Startlingly elevated levels of lead were found in the water in Mississippi’s capital in June, but a warning was not issued by government officials until January, the Guardian has learned – a contamination that bears some resemblance to the crisis in Flint, Michigan.

As with Flint, the problem in Jackson appears to be related to inadequate corrosion control, and the months of delay in state action raises shades of Flint, something that Michigan governor Rick Snyder will testify on before a congressional committee on Thursday.

An astonishing 22% of homes in Jackson, Mississippi, exceeded the federal “action” lead level of 15 parts per billion, according to government tests done in June. Compare that with Flint, where researchers from Virginia Tech sampled hundreds of homes as residents begged for help and found 16.7% of homes exceeded the federal “action” lead level, though the sampling methodology may be different in the two cases.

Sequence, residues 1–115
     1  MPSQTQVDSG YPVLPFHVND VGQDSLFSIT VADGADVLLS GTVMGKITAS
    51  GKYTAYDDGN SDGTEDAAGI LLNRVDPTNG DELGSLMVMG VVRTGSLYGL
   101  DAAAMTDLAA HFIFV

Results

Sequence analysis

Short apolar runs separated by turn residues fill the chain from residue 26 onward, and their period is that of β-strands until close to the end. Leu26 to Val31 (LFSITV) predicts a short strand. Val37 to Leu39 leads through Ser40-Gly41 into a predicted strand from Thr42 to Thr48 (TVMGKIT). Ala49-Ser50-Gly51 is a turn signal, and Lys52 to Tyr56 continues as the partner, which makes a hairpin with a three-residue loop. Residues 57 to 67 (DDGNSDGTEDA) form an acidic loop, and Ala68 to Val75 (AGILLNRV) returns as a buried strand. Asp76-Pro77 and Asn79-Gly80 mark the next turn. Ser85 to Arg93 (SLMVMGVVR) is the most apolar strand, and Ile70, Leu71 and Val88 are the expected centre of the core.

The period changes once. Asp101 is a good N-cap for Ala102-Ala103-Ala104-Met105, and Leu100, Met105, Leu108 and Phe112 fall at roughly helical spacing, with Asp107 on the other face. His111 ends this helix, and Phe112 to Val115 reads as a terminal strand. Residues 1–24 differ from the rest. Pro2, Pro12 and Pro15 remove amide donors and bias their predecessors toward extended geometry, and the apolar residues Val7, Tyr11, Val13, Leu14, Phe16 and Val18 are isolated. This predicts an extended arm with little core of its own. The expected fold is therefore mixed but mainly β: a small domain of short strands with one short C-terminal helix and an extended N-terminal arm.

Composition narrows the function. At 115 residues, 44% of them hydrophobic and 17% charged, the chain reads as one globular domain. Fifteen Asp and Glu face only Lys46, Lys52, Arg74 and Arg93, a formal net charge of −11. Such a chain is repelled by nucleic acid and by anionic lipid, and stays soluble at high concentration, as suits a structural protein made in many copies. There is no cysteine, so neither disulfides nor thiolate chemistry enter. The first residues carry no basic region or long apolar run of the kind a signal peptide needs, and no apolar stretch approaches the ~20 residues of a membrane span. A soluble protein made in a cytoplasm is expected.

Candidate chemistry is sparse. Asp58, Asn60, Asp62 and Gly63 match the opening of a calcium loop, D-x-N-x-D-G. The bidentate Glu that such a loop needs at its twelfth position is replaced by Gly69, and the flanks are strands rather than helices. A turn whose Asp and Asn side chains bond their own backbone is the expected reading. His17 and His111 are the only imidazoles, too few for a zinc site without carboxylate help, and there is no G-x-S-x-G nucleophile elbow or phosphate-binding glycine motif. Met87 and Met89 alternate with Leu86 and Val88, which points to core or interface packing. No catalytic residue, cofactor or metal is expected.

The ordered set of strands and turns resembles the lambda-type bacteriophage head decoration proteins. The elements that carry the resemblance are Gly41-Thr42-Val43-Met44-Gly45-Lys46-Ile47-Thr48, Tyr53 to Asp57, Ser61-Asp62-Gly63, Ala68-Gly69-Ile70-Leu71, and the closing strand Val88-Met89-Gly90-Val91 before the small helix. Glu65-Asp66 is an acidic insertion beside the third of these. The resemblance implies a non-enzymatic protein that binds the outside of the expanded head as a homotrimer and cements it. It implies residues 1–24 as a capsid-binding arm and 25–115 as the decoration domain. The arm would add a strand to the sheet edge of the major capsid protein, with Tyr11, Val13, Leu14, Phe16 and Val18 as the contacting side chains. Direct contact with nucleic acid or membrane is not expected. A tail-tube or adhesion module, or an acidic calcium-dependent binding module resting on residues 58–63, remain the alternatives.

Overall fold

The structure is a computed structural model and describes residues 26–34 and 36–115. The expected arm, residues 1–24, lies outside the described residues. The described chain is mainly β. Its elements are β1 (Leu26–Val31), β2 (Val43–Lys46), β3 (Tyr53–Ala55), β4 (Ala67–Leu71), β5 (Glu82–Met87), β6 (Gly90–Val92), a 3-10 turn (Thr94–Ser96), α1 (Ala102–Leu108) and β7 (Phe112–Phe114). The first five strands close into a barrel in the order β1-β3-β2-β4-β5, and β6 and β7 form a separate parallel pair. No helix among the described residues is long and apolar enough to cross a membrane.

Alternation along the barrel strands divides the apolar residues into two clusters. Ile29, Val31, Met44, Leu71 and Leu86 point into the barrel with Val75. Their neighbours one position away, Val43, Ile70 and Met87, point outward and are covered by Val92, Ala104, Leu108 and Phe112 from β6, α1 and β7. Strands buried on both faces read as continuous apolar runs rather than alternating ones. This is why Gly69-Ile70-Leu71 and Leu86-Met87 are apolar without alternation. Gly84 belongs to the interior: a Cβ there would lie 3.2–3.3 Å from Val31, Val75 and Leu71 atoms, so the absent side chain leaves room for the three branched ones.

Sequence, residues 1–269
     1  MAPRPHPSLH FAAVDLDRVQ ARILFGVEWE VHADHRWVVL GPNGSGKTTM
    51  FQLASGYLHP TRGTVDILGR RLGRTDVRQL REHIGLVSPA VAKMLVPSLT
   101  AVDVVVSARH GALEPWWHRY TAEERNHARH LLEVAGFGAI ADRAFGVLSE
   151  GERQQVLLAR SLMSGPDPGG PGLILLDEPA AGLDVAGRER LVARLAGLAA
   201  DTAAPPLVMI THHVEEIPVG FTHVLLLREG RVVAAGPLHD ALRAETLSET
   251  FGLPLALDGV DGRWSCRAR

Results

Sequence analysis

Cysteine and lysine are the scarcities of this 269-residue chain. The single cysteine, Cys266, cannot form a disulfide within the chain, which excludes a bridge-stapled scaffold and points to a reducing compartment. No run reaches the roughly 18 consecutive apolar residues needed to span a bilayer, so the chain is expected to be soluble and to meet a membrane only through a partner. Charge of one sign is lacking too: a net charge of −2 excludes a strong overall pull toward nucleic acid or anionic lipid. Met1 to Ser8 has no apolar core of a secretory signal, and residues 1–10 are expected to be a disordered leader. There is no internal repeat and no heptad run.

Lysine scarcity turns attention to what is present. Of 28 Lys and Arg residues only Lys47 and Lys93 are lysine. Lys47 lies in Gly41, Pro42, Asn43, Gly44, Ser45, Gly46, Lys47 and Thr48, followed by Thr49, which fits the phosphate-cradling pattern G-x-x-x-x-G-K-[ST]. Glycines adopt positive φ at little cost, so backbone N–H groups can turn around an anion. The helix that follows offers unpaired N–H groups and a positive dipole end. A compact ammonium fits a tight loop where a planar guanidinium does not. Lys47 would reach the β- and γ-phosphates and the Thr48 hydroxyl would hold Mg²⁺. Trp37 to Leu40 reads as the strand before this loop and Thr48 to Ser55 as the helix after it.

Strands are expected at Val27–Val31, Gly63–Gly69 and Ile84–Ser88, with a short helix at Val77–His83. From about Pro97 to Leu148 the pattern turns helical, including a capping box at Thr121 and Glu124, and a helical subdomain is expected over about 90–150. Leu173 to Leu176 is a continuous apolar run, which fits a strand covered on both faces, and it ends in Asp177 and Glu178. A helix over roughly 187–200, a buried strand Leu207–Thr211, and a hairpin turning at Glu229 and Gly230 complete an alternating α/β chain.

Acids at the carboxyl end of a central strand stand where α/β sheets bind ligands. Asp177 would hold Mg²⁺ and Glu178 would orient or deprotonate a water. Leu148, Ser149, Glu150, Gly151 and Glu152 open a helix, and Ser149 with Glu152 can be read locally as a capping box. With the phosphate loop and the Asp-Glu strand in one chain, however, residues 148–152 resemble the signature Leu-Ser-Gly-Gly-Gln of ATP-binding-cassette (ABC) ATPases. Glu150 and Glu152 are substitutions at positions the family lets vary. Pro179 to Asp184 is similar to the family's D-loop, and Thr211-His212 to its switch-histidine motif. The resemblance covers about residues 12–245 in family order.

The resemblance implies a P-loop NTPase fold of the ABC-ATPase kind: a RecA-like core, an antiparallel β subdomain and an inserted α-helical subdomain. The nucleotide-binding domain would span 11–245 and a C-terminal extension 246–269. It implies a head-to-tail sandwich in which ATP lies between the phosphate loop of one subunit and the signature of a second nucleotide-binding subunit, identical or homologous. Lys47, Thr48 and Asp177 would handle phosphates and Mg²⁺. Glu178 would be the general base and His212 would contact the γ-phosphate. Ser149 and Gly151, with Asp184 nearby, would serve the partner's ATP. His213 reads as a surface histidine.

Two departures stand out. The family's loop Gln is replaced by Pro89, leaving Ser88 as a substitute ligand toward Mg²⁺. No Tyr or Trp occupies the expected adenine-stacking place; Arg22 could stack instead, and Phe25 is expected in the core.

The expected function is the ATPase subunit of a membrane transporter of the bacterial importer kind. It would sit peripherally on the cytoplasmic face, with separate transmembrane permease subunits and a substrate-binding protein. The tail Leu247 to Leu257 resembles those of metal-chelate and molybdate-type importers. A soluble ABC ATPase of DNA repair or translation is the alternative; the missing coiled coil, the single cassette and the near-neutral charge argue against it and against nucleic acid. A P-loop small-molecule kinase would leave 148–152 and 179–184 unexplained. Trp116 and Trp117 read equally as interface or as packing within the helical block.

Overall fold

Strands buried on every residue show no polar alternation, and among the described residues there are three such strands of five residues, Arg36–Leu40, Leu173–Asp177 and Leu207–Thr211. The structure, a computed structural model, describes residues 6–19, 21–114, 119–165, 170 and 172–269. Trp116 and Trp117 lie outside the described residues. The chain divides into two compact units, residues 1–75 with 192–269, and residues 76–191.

But Mississippi officials did not notify the city of Jackson of the results until January, and it was not until February that the state issued a warning for pregnant women and small children. A sampling of 101 homes in January and February this year showed 11% of homes above the federal lead limit – a number that is still worrisome, under federal regulations.

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